Online Viewers Ditch Slow Loading Video After 2 Seconds
(CNN) — Two seconds.
That’s when Internet users start ditching online videos if they’re not loading properly, according to a new study from the University of Massachusetts Amherst and Akamai Technologies.
By the 10-second mark, if the video still hasn’t loaded, about 40% of Web users will have abandoned it, according to data presented in the study. On average, for every second that the video doesn’t start playing after the two-second mark, there’s a 5.8% increase in the rate at which the video viewers bail.
The findings vary depending on the video. “Viewers are less tolerant to startup delay for a short video such as a news clip than a long video such an hour-long TV episode,” the authors say. But, in general, the findings seem to confirm a truism in the twitchy world of the Internet: Online users don’t like to wait.
“The study … contains no startling surprises — most of us probably suspected that people give up on watching videos that don’t load,” Jeff John Roberts writes on the site GigaOm. “But it does provide useful empirical evidence for companies who must decide how to invest architecture to support their video platforms.”
Some technology bloggers were surprised people didn’t click away from glitchy videos faster. And previous reports, including one from the New York Times, suggest Web users are even more impatient when it comes to text-based Web pages.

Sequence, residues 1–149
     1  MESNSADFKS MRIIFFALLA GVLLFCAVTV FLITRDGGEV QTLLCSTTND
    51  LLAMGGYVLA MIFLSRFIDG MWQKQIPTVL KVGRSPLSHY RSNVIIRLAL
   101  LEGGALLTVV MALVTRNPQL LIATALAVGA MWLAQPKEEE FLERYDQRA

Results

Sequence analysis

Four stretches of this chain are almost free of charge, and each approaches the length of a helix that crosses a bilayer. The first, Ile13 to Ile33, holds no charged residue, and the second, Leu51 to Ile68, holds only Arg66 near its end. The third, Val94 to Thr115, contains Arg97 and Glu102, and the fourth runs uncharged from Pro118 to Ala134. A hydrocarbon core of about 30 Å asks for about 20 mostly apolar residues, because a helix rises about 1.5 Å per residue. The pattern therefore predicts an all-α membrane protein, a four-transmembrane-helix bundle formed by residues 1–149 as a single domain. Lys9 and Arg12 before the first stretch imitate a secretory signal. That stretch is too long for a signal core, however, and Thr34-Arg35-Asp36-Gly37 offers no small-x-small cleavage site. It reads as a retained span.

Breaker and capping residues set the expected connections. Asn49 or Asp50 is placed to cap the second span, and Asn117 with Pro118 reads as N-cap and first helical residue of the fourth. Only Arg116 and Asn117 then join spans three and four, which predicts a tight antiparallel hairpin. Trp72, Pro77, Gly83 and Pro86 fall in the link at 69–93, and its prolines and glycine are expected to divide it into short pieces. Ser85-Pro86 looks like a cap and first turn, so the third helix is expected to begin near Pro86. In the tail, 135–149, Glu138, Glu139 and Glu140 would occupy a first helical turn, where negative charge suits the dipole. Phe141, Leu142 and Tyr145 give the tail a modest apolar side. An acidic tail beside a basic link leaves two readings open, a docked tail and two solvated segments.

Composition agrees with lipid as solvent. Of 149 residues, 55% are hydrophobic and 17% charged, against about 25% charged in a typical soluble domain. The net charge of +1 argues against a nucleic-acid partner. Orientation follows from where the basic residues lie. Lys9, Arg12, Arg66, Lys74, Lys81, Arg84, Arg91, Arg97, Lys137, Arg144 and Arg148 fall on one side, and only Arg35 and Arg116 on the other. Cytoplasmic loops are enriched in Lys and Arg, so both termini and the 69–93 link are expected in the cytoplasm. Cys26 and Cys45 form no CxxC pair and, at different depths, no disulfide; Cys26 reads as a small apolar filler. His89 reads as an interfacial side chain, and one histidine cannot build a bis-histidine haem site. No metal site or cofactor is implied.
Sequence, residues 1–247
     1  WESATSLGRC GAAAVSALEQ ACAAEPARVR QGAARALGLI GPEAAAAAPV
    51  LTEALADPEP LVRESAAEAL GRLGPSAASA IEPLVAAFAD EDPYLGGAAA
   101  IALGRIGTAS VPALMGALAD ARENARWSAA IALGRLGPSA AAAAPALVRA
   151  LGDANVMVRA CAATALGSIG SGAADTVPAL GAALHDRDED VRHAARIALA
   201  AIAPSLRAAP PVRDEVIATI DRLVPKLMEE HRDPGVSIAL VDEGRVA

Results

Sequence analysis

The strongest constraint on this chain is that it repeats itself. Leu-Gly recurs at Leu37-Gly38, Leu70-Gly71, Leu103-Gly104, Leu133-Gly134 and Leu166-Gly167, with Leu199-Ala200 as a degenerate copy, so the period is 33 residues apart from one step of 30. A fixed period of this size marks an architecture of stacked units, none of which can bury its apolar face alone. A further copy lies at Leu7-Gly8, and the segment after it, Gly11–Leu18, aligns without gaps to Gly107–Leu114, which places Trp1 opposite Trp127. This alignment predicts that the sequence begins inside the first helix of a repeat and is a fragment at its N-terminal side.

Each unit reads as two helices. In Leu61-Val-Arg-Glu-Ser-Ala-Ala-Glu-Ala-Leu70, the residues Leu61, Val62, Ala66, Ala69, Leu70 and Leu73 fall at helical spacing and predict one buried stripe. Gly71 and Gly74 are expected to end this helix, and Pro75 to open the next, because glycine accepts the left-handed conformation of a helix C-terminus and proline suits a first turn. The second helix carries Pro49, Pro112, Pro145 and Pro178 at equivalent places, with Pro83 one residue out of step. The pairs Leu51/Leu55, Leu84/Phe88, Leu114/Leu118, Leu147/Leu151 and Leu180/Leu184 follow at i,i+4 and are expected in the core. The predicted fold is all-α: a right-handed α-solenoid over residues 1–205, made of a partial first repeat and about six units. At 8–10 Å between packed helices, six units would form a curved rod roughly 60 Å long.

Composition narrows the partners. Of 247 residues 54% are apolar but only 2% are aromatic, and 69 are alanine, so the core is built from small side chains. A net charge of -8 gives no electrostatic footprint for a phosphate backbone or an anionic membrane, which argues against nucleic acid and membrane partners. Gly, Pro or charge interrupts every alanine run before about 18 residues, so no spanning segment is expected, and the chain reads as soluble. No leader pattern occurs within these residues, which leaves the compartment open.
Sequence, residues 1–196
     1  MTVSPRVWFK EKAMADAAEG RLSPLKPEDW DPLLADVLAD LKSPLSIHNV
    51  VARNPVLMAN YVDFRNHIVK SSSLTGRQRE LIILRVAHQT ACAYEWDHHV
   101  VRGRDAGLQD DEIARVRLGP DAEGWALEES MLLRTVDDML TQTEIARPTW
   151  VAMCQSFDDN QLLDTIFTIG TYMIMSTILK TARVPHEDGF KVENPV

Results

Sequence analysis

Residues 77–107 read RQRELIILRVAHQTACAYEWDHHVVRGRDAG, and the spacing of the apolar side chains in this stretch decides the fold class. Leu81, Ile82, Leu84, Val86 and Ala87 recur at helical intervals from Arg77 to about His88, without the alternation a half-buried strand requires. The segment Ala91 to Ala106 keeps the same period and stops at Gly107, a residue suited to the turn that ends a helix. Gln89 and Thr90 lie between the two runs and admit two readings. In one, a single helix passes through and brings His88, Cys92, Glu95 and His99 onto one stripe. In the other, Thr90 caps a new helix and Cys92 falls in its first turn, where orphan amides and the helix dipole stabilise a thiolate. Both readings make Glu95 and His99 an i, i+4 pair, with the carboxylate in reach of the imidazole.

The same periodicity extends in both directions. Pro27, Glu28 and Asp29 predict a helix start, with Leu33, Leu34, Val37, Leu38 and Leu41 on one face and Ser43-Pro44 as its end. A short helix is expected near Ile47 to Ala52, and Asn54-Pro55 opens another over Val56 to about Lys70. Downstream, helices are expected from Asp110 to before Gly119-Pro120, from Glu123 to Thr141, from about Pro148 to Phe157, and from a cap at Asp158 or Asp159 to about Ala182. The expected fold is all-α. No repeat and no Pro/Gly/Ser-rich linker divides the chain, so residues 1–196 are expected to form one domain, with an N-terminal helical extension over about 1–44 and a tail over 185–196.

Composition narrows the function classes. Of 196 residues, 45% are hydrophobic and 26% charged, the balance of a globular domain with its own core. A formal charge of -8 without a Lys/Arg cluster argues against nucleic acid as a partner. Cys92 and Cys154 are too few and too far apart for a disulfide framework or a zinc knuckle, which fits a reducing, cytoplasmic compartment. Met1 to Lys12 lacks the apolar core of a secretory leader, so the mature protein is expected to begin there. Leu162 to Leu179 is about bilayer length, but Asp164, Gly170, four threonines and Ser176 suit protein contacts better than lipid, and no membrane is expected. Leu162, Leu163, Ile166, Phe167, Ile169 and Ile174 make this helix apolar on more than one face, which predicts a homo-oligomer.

The Times in February cited Harry Shum, from Microsoft, as saying that people will go to a website less frequently if it loads 250 milliseconds slower than a competitor’s. As this graphic highlights, that’s faster than the blink of an eye.
“Every millisecond matters,” a Google engineer told the paper.
The UMass-Amherst paper was based on data collected from 6.7 million unique video viewers over a 10-day period, according to the report. The test subjects played a total of 23 million video views. The study finds video quality has a potentially longtime impact on a website’s popularity. A “viewer who experienced failure” is about 2% less likely to come back to that same site that week, compared to a person whose videos loaded smoothly.
Finally, the video-loading game seems to be one of expectations. People who are trying to watch videos on a mobile phone are likely to be a bit more patient than those on desktop computers with high-speed connections. It’s easy to see how that would be the case. Think back to the hee-hawing days of dial-up Internet and remember how long you used to wait for a single photo to load on a super-slow Internet connection.
In part because of this, Dante D’Orazio writes for The Verge that efforts to make online video load faster and faster may amount to an “unwinnable battle.”
“There may very well be a point when we’ll no longer notice,” he writes, “but for now, it seems that you can never have enough speed.”
Hate online wait times? Have thoughts on the report? Take two seconds and let us know what you think of all this in the comments section.
By John D. Sutter